THE LIFE OF GEORGE WASHINGTON, by John Marshall - 1832 [Vol 2] *Provenance*
The Life of George Washington
by John Marshall
Revised Second Edition. Published by: James Crissy. Philadelphia, PA. 1832.
Hardback is overall in VERY GOOD condition.
- Covers exhibit moderate signs of commensurate age and wear.
- Full-leather binding with gilt tooled edges and a spine featuring gilt tooling, four raised bands and inked blocks.
- Boards are moderately rubbed and stained with light punctures to a small area of the front and portions.
- Corners are pushed and rubbed.
- Spine is moderately rubbed and raw in areas with a .75" tear along the uppermost area of the rear hinge. Please see photos.
- Binding is firm overall though the stitching along the front matter is slightly loosened and exposed. Please see photos.
- Marbled endpapers are gently age-toned.
- Fly leaf bears writing in pencil.
- Indication of notable provenance appears on the flyleaf and final vact page. Please see photos and notes for further information.
- Interior is age-toned with moderate foxing and mild creases
- Inside pages are free of writing and intentional marks.
- Marble edges are darkened and stained.
- Book may exhibit additional minor signs of age or wear.
Volume II of John Marshall's official biography of George Washington, carefully prepared as a revised second edition under the supervision of George Washington's nephew and literary executor Bushrod Jackson.
Provenance: The initials appear to be that of A.H. Zoller, a tinsmith from Albany, New York who served under the Union Army's 44th N.Y. Volunteer Infantry Regiment during the American Civil War.
On the 1st day of August last Albany county was deficient, on the last call for 2025 men. This large deficiency, after the hard work of the winter and spring, to fill the previous call, was appalling. But there were resolute men among us who believed it practicable to meet this deficiency, fill the quota and avoid the draft. To do so, however, would involve a very heavy outlay, and it was a question whether public sentiment or the Board of Supervisors would sanction it. But this question was very soon settled. The Supervisors did, promptly, what the District Committee asked them to do, and provision was made for the payment of a bounty of $900, and such inducements to outsiders as rendered it an object for them to work.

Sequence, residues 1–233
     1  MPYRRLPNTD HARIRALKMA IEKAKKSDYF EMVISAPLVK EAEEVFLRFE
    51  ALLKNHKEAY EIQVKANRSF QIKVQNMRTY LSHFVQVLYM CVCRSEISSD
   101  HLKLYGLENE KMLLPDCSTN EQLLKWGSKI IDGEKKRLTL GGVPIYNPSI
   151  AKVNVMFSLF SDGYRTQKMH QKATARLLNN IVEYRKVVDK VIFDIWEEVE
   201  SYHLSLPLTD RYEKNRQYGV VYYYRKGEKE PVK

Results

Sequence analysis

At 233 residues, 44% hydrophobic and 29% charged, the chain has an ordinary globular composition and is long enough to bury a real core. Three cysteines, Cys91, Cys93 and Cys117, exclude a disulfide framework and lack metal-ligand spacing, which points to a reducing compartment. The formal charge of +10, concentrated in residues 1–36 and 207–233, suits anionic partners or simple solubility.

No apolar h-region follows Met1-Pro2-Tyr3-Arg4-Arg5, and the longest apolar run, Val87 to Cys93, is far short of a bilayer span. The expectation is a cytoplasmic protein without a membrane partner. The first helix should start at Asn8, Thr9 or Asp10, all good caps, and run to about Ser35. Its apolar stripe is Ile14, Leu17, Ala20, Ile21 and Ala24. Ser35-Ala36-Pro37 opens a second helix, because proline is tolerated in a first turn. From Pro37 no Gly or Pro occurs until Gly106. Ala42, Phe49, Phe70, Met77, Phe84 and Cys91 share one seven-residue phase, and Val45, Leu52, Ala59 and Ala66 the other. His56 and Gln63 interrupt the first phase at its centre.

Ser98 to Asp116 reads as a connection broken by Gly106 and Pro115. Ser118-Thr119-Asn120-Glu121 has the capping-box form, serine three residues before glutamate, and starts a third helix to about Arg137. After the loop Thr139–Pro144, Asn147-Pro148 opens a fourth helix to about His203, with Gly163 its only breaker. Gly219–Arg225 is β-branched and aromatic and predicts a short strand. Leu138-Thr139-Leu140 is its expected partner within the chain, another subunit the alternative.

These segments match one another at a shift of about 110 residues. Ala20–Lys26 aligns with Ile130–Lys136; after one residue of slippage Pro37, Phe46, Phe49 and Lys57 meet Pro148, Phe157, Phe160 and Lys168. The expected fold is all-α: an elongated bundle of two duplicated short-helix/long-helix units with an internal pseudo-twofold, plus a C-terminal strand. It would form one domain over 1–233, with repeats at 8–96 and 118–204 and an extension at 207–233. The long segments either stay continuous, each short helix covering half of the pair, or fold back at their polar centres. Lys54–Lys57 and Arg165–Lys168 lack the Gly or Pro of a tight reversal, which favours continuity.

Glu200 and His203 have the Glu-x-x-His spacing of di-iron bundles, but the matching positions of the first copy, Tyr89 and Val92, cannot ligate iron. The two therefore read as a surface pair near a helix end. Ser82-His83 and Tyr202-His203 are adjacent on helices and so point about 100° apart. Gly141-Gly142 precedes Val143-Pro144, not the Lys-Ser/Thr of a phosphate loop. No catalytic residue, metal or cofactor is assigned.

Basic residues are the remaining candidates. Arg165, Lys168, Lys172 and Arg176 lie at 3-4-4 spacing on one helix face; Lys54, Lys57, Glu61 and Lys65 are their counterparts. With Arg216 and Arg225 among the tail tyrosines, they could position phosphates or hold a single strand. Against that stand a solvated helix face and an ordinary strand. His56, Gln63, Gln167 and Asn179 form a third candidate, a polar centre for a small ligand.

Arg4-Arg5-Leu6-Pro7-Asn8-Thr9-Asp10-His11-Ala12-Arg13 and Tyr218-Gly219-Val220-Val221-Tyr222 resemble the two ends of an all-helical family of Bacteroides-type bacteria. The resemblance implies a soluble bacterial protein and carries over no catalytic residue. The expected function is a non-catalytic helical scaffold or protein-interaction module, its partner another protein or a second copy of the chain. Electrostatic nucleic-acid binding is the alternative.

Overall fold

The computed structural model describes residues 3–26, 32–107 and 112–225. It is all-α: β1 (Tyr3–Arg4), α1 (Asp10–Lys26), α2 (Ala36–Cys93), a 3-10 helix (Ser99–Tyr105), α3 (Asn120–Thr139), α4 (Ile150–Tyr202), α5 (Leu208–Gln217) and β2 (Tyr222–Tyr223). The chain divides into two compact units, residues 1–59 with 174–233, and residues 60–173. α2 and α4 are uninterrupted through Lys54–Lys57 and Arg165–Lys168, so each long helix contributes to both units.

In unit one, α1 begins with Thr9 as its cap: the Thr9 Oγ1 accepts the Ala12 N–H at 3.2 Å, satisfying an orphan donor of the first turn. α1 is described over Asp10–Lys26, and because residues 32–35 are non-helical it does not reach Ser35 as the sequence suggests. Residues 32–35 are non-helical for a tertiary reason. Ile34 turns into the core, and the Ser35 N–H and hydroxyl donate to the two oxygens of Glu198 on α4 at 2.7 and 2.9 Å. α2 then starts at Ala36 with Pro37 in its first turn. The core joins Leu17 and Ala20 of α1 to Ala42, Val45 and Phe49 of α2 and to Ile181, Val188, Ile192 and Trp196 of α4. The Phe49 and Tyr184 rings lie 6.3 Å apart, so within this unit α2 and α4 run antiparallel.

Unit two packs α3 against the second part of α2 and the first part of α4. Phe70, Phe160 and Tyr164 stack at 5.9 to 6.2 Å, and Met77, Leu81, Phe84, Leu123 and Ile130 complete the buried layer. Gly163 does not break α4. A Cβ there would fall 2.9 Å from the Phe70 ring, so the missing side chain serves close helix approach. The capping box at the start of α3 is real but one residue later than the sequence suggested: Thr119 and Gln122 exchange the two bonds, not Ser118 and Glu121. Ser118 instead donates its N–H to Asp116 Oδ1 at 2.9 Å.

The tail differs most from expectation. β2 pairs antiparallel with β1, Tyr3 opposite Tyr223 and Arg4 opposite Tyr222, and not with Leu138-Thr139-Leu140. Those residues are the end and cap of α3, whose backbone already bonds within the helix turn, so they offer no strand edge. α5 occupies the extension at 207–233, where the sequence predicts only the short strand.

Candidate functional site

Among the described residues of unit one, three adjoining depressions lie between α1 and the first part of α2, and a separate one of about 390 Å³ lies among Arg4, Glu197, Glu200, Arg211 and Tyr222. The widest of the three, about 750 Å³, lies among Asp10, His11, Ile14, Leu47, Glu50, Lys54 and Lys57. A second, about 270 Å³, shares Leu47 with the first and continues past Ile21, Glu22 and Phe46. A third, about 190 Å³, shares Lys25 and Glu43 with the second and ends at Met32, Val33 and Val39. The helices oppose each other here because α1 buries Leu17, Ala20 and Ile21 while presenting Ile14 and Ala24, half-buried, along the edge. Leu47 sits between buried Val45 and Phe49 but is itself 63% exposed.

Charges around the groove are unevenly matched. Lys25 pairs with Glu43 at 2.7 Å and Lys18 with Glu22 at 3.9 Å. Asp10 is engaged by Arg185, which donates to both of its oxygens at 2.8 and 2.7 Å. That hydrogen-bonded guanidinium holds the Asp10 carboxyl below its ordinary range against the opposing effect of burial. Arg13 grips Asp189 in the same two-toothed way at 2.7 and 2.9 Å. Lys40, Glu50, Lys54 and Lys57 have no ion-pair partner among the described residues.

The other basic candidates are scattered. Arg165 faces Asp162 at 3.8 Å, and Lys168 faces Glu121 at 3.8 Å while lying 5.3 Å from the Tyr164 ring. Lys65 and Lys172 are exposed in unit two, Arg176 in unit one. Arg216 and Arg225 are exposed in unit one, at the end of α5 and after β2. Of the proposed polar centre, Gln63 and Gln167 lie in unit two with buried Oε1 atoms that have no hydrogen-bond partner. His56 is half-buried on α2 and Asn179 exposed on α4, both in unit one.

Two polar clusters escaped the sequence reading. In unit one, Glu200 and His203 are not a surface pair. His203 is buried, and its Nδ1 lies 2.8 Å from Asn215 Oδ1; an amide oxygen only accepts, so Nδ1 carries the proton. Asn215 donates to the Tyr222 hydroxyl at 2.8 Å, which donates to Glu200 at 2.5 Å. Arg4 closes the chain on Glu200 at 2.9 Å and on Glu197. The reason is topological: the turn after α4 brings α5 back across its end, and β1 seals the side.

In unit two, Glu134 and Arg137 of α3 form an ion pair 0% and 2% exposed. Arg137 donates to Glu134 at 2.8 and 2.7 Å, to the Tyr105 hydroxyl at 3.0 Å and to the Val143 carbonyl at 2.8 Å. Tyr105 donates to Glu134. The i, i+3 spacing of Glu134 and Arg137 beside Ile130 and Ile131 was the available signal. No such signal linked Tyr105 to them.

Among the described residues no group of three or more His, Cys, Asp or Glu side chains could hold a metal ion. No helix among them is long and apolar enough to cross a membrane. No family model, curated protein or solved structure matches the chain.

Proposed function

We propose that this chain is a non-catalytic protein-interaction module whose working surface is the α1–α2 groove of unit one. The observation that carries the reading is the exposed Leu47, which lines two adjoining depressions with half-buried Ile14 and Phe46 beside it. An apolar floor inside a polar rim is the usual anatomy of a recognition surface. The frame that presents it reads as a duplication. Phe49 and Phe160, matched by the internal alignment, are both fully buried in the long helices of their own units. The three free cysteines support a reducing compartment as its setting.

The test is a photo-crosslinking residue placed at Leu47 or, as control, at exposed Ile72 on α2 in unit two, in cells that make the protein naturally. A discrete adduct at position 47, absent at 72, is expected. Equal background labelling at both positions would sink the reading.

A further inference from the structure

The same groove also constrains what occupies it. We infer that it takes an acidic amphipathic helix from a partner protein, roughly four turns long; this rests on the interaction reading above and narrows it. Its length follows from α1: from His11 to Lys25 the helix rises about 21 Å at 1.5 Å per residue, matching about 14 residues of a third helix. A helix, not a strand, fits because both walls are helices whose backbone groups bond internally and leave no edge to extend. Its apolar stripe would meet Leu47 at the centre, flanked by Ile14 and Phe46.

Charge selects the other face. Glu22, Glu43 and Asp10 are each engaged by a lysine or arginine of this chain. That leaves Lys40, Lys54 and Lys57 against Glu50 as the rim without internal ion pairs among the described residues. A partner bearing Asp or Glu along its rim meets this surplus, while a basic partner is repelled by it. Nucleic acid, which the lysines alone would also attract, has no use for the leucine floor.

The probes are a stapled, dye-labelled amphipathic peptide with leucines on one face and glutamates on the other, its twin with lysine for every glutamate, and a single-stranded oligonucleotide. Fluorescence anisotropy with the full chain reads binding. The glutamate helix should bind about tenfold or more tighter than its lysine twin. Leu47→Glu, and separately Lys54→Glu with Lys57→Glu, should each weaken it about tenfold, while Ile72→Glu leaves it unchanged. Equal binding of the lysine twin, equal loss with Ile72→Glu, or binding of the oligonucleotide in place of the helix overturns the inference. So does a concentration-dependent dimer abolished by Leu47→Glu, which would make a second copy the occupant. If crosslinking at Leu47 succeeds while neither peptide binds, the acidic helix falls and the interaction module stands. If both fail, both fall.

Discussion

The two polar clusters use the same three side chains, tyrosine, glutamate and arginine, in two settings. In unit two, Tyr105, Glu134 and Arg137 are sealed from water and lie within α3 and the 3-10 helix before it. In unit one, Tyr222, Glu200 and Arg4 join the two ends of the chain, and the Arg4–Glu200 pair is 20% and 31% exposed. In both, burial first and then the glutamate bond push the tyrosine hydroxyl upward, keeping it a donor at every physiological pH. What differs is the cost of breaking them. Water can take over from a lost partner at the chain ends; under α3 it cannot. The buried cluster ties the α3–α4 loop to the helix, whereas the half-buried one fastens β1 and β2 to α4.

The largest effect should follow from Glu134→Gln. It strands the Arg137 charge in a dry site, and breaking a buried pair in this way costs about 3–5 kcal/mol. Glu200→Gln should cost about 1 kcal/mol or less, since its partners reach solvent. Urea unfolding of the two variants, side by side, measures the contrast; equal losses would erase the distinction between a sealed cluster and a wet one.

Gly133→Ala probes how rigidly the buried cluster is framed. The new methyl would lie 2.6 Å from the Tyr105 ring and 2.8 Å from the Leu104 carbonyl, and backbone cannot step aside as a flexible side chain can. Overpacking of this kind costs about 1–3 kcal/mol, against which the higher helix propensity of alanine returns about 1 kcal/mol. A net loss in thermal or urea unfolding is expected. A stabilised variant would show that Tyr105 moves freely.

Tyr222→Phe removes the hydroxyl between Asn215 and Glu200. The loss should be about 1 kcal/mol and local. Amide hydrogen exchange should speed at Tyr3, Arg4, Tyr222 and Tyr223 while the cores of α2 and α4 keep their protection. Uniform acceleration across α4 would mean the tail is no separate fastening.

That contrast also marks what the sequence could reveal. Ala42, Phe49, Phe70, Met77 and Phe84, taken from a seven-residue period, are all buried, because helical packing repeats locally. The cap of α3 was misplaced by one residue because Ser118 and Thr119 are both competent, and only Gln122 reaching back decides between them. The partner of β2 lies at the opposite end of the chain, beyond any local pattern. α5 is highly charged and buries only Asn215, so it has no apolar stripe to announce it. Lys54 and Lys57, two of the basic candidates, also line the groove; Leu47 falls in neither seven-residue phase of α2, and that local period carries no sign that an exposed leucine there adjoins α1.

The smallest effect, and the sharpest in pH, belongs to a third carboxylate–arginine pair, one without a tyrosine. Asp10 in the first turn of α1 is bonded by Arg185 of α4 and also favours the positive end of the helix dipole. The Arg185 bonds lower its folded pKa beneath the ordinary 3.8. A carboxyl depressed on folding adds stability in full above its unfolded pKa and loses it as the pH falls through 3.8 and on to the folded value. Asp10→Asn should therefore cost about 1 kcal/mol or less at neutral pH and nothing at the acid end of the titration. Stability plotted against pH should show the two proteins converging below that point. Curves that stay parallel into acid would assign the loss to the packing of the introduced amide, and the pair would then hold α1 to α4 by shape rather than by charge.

The result was soon developed. Volunteers came in with a rush—at the rate of fifty and a hundred a day; and last night the last batch was sent off to the rendezvous at Hart's Island.
Thus Albany county is again out of the draft—thanks to the Supervisors, the District Committee, the Banks and such of our citizens as contributed to the Patriotic Fund.
But to the Committee, in conjunction with the County Treasurer, is chiefly due the credit of this handsome result. They have labored indefatigably, and none of them with greater zeal or efficiency than Wm. S. Shepard, Esq., who was added to the Committee during the necessary absence of the writer of this paragraph and who has given his whole time, night and day, to the work. He will have his reward in the assurance that he has done his duty, and that his zeal is appreciated by his fellow citizens.
We shall take an early occasion to write up a full history of the work done, the amount of money raised, the contributions to the Patriotic Fund, and other facts connected with this really great achievement. It will be a record alike honorable to individuals and to the county.
ALBANY, FRIDAY, SEPT. 30, 1864.
AS IS! Please see photos. More photos available upon request.
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